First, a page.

When my dad turned seventy-five, there was quite a party.
We were all together: my four older sisters, my brother, and me, various and sundry spouses, the majority of his seventeen grandkids and four great grandchildren, family friends and neighbors, and my mother, of course. There was a band, too much food and beer, and activities for the kids.
A light drizzle fell most of the day and my parents sat under a pop-up tent while partygoers streamed through to visit with the birthday boy, and tell him he didn’t look a day over seventy-four, and accuse him (falsely) of dyeing his hair, and ask if there was anything they could get him.
“I never thought I would be such a pain in the butt when I got old,” he told me – only he didn’t say butt.
“You’re not a pain,” I said.
“Tell that to your mother.”
The day was a wonderful tribute, a good old-fashioned block party that my sister had been organizing for weeks: arranging entertainment; coordinating food; corralling siblings from out of town. As event planner, it was the responsibility of my sister – the woman my dad used to call the warden when we were kids – to secure the only gift my father really wanted for his seventy-fifth birthday. That is, all six of his children in the same place, at the same time.
It really didn’t even matter to him that this great convergence was happening on his birthday, although I’m pretty sure he misted up when we sang to him from the bandstand with arms draped around each other’s shoulders. What did matter was that all of his children had gathered in one location and were generally cordial. For a little while anyway.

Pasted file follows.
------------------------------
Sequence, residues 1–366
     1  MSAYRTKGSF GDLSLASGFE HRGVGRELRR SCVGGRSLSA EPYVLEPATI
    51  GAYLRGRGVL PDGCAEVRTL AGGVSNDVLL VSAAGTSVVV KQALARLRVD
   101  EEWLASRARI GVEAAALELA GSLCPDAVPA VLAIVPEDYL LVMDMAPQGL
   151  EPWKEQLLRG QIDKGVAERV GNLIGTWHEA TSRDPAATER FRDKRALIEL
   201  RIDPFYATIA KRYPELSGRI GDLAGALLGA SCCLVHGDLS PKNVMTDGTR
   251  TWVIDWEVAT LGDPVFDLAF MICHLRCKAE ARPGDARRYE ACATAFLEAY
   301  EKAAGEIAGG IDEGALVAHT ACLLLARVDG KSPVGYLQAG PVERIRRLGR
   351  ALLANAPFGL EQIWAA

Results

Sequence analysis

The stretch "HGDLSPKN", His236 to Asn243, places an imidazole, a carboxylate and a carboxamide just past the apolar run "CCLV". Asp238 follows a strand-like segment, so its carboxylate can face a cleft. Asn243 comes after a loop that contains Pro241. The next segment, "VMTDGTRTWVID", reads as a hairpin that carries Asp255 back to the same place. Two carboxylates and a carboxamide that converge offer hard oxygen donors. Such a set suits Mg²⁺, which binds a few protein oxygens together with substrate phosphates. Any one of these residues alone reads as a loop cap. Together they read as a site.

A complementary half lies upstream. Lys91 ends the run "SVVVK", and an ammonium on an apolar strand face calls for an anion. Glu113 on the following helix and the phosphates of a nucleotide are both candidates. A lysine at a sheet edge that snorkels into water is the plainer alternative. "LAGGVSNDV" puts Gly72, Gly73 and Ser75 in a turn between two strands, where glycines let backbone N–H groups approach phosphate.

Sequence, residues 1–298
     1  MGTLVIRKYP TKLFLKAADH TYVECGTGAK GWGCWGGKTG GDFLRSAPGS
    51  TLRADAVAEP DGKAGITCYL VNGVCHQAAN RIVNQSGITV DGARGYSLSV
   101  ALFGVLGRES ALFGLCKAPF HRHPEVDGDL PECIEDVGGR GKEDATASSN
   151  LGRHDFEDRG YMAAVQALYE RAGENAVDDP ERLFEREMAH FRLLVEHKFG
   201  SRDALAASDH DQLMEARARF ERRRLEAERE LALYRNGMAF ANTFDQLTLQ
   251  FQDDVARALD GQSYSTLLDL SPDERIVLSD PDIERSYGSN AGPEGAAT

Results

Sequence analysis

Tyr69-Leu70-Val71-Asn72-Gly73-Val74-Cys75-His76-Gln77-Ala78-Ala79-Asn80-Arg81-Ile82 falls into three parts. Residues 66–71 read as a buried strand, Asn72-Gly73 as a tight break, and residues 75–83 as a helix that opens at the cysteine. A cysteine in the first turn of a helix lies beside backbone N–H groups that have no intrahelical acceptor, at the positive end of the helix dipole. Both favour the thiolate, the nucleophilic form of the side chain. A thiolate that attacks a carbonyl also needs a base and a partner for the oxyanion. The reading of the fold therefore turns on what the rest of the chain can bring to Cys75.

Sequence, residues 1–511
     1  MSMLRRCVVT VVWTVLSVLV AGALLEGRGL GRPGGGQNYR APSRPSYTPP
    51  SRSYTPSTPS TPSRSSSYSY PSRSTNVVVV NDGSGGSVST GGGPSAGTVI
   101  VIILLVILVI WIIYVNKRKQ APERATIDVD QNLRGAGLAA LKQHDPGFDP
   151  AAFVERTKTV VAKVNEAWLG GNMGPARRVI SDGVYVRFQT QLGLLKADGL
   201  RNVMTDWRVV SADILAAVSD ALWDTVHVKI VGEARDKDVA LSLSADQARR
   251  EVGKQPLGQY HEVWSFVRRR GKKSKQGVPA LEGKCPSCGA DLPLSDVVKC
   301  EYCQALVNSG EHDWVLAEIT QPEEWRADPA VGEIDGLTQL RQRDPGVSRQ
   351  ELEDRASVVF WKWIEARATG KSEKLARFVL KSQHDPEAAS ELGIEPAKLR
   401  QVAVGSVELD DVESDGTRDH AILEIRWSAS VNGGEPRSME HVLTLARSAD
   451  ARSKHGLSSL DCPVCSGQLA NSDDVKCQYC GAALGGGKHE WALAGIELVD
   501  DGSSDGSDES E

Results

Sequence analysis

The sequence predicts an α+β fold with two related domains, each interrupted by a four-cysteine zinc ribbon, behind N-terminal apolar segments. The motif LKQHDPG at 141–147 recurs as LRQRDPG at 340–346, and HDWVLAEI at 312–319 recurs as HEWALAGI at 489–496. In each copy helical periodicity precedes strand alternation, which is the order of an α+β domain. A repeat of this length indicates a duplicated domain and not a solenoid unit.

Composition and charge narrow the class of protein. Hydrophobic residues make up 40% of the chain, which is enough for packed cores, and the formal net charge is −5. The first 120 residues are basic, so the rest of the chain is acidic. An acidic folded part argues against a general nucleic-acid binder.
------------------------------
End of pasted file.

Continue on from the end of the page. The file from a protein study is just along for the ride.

Geographically, my siblings and I aren’t that far away from each other, or from the town in which we were raised. There are six of us – in three states, and all within driving distance these days. But it’s time that has divided us, not distance. Decades have passed since we lived in the same house together, the house my mom still lives in today and the one the out-of-towners bunk at over the holidays one year, or for a high school reunion the next. Of course, memories bind us, but our own families and careers and interests take precedence over shoring up ties that have weakened naturally and predictably over the years.
I think about my girls, what binds them now, and how easily they fall in and out of sister love. Best friends one day, hardly talking the next. Competitive, supportive, attentive, dismissive – all at once. In a family of women children, there’s an energy pulsing through the house that’s palpable and pervasive but with no predictable circuitry. The truth is, whether you have two kids or ten, something you really, really want is for them to just get along. To coexist peacefully. And during the summertime when temperatures are high and quarters are close, the opportunities for that might seem few and far between.
Near the end of his party, my father is worn out but still beaming. We look for just the right place to have the picture taken that says, Yes Dad, we were all here at the same time! Nobody can remember when we took the last one. By now, I’m convinced it’s a good idea that all six of us have gotten together, especially when I look at the broad smile on my father’s face as we line up for this portrait. And I wonder, Will my daughters make time for a picture like this thirty years from now? Will it be as important to me as it is to my dad?
He said he didn’t want anything in particular for his birthday. That having us all together was the best gift we could ever give him. Then I take a step back and watch my daughters this day – dancing and laughing, playing badminton in the rain, enjoying each other. For a little while anyway.
And I know exactly what he means.